3 May 2016

New project explores soapstone as a local resource


This summer the fjord outside of Nuuk will set the scene for the first of two citizen science events on the potential of soapstone as a generator for local business. Producers, artists and other interested people are all invited to the event.

For centuries both local and international scientists have come to the Nuuk area to investigate its geology. The area holds a large amount of potentially interesting sites for small-scale-mining and also represent opportunities for geotourism and for archaeological investigations.

In a new collaboration between GEUS Nuuk, Ilisimatusarfik (University of Greenland), GEUS Copenhagen and the cross-disciplinary research initiative Greenland Perspective (located at the Natural History Museum of Denmark, University of Copenhagen) researchers are aiming to disseminate this knowledge to the local community.

Sailing in Nuup Kangerlua. Photo: Rebekka Knudsen

Partly inspired by the Canadian region Nunavut where a significant group of carvers uses soapstone figurines sold as “inuit art” to supplement their income, the project team believes that a similar line of products could be build up in the Nuuk area. Making knowledge on soapstone occurrences available is a first step in this direction.

Majken Djurhuus Poulsen, a Ph.D. student at GEUS Nuuk and part of the project team explains:

- Last year the Ministry of Mineral Resources held a small-scale-mining workshop and many of the participants said that more general knowledge about the geology of the area and practical information on rocks suitable for jewelry making and carving would be most welcome. That gave us the idea to show the potential of soapstone and where to find such rocks close to Nuuk. We thought it would be great fun not just to talk about it, but also to show in practice how to look at nature through the eyes of a geologist.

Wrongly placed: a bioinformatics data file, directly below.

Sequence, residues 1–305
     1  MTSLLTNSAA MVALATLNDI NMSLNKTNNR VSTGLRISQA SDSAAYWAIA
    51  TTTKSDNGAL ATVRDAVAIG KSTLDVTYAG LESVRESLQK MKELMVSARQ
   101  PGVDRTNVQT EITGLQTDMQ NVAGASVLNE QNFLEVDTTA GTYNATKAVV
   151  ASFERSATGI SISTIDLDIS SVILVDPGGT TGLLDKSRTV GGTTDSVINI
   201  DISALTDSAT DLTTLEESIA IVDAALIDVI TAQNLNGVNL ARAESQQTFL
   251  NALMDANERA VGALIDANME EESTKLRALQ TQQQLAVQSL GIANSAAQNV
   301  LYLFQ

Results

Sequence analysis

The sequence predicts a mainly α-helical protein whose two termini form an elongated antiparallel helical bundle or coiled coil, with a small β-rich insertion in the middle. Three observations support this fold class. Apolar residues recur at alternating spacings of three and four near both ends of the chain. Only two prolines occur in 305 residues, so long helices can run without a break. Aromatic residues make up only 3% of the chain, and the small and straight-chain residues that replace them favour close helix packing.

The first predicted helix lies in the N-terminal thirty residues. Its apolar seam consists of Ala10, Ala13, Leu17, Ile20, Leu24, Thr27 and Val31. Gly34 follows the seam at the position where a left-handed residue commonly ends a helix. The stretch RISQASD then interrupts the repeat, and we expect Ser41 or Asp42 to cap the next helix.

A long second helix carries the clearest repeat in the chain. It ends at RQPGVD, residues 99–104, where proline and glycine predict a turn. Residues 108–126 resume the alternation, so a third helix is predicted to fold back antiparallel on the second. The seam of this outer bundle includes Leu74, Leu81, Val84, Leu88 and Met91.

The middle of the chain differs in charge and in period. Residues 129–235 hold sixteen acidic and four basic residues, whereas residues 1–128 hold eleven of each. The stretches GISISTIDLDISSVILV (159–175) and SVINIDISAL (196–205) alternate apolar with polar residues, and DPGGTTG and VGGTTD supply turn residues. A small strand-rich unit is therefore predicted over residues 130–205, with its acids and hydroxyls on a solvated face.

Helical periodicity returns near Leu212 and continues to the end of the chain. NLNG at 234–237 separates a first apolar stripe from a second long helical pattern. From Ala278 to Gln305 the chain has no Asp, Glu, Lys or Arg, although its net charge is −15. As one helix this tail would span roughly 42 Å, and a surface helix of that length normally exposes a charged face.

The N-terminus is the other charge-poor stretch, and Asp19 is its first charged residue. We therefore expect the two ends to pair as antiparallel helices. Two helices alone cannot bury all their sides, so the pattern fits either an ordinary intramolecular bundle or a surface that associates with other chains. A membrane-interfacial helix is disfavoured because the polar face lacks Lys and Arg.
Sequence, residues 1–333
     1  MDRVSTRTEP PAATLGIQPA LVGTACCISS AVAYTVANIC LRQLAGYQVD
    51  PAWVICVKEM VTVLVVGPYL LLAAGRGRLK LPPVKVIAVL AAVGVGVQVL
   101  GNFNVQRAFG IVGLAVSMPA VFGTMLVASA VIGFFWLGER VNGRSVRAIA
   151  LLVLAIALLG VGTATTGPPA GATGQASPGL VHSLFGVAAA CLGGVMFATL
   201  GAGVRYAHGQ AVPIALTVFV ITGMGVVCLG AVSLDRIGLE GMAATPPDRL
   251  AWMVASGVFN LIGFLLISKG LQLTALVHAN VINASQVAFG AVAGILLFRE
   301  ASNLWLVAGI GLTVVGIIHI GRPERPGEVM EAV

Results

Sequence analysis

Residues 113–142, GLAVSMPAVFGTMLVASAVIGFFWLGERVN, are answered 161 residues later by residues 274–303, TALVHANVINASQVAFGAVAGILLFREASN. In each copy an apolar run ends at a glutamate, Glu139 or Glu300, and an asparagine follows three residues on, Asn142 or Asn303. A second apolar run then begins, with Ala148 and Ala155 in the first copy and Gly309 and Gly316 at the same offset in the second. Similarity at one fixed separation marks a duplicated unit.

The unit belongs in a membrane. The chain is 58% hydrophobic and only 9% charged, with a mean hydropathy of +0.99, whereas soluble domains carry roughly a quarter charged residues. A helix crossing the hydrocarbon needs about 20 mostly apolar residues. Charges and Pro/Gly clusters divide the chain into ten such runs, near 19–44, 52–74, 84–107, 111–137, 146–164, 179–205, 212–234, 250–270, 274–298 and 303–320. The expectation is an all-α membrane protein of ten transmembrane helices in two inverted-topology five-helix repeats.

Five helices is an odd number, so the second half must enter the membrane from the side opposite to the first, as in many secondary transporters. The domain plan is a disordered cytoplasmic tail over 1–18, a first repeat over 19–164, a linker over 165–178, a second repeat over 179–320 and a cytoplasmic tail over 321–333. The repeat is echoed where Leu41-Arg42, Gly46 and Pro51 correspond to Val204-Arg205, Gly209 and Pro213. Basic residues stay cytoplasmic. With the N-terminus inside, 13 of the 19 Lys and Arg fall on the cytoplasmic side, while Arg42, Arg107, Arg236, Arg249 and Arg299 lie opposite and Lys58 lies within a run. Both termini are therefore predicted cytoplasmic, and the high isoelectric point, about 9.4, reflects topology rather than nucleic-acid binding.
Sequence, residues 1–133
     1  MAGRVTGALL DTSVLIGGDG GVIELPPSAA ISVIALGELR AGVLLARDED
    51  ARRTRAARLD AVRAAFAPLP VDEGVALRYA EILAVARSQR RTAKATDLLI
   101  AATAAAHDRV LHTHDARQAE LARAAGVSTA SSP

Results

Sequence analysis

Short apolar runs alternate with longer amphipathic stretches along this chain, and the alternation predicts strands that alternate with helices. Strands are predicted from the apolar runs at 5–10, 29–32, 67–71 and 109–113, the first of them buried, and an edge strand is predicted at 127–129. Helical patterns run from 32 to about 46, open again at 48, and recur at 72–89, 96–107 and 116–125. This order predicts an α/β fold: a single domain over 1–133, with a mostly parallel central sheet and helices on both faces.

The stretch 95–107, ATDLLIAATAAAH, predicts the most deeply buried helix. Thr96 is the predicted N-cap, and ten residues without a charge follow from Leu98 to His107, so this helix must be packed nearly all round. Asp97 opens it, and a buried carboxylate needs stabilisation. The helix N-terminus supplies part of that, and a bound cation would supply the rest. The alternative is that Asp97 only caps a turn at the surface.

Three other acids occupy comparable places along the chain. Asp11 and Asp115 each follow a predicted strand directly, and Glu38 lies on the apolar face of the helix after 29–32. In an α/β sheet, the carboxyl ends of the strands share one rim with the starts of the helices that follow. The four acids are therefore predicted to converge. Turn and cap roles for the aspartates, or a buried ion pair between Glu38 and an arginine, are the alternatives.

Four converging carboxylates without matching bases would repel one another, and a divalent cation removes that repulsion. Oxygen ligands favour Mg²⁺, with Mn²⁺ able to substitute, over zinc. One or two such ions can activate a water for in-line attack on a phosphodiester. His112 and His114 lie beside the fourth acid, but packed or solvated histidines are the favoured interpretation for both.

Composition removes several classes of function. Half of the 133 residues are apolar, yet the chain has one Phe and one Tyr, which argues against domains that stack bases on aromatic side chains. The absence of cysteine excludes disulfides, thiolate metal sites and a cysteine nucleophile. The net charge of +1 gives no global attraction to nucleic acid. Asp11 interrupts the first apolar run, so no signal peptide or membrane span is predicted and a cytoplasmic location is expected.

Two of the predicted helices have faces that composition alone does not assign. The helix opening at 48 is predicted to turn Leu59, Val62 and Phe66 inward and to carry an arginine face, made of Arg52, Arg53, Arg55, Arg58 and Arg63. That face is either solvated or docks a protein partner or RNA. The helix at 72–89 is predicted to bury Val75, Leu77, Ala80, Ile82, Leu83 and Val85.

Excursions and workshops

The core of the project consists of two scientific outreach activities, which aims to take research out of its “ivory tower” and make it accessible for the local community. A citizen science event will be held on-site at a suitable soapstone occurrence near Nuuk on 11th June, 2016. At the event all interested citizens will be invited to a day of discovering how to find soapstone, how to collect and carve it and how to protect archaeological heritage sites when doing so. Also information about rules regarding small-scale-mining license application will be given by the Mineral Licence and Safety Authority.

A second workshop will be organized in Nuuk towards the end of the year. At this event current knowledge on soapstone occurrences in the Nuuk area, conditions for developing the resource and knowledge about its possible uses will be shared. Other themes on the agenda will be demonstration of soapstone carving and cultural heritage.

Students from Ilisimatusarfik will be invited for a field trip where they will be educated on the various geological and archeological aspects of soapstone.

In order to disseminate the project more widely, a film will be produced and the project team also aims at writing popular articles and brochures about the knowledge on and possible uses of soapstone.